Chemical and petrographic features of the metamorphic rocks indicate that a relatively dry system may not have allowed relic sedimentary minerals to enter into metamorphic reactions, thus resulting in disequilibrium assemblages. The clase association in time of the metasediments and the diorite intrusion suggests that the temperatures necessary for greenschist facies metamorphism were attained at shallow depths in the crust.

The Sierra de Zacatecas has been the site of mineral explotation since the mid’s, yet much remains to be learned about the geologic history of this region. This history is complicated by sparse exposure, folding and faulting of the metamorphic terrain, hydrothermal and deuteric alteration of the igneous rock, and at least one episode of ore mineralization. The objective of this study is to attempt to unravel the geologic history of the region in the light of new geological, petrological, and geochemical data.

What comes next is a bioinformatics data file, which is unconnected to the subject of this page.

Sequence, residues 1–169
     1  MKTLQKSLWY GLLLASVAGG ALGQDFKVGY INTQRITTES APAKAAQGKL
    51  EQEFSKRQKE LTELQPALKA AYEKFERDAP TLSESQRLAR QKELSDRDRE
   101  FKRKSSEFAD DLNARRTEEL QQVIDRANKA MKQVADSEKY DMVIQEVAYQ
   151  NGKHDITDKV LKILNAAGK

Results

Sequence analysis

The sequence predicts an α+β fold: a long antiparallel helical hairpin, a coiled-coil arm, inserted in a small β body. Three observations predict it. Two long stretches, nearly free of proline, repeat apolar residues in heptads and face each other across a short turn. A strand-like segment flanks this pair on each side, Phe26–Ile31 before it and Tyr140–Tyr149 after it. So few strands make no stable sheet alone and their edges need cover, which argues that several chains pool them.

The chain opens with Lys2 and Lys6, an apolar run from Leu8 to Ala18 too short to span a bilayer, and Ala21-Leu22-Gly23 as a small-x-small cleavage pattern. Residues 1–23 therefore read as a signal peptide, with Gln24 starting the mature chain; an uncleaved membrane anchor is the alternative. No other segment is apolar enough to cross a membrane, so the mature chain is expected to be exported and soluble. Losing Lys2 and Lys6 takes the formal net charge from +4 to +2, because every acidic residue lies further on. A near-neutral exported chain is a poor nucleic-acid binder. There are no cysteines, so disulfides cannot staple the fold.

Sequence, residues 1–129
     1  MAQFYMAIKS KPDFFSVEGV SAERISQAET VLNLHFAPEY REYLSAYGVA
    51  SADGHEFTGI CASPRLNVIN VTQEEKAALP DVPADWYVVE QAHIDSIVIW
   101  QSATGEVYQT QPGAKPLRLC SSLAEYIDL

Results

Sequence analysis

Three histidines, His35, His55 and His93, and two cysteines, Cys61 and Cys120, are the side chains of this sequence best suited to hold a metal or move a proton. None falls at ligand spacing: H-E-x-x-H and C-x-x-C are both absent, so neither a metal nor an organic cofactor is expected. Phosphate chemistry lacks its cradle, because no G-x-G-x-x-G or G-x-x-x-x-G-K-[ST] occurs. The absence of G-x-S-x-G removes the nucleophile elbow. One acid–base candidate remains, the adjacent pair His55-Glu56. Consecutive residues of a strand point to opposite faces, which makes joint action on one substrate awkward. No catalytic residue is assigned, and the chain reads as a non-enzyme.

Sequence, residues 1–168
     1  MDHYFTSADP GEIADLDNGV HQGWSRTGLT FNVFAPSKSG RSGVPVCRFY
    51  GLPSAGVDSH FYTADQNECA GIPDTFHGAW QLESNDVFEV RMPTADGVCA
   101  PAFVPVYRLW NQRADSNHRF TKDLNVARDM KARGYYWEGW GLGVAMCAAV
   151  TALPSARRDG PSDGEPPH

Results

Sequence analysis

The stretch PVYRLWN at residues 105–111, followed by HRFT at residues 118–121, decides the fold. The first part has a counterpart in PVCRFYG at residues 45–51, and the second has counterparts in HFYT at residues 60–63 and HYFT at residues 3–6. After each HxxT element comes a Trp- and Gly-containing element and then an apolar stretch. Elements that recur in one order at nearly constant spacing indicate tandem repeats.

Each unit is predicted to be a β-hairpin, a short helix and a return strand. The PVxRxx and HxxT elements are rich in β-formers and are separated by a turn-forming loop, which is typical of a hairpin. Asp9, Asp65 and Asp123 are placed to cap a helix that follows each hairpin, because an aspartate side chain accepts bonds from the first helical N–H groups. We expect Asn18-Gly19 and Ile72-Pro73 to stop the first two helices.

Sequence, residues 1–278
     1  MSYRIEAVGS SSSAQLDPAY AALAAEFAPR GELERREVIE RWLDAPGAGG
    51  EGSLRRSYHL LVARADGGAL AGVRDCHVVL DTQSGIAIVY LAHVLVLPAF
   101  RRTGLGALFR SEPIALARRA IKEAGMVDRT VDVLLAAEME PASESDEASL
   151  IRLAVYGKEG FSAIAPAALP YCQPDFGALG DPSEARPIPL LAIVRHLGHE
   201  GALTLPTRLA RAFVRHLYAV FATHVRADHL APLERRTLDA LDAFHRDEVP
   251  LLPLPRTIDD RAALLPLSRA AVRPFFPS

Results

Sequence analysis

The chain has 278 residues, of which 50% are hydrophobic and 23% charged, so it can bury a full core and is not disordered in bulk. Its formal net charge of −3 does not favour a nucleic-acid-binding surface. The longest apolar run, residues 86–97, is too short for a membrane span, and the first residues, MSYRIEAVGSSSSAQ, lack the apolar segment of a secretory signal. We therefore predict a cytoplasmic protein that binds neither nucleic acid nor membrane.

The region of study, approximately 5 km wide and 7 km long, is located in the southern portion of the Zacatecas Quadrangle, Iocated in the State of Zacatecas. Occurring within this area are Mesozoic igneous and metamorphic rocks and Cenozoic igneous and sedimentary rocks. The metamorphic rocks are predominantly phyllites with lesser amounts of Quartzite, metaconglomerate, and marble.

Diorite and rhyolite constitute the igneous rocks. The only sedimentary rock exposed in the region is a red conglomerate composed chiefiy of metamorphic and dioritic rock fragments. The Cenozoic igneous and sedimentary rocks, and the economic geology of the Zacatecas region have been the subject of two recent Master’s theses at the University of New Orleans Brown, and Barr, In light of this, this report will concentrate of the Mesozoic igneous and metamorphic rocks ofthe region.